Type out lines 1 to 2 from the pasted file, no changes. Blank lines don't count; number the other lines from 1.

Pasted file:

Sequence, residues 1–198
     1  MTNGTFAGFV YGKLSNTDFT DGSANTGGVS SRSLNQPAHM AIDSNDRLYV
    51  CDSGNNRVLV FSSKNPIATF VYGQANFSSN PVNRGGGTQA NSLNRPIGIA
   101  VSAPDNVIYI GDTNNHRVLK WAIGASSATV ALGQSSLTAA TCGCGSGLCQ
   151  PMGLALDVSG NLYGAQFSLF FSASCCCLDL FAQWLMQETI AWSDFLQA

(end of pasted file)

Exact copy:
Sequence, residues 1–198
     1  MTNGTFAGFV YGKLSNTDFT DGSANTGGVS SRSLNQPAHM AIDSNDRLYV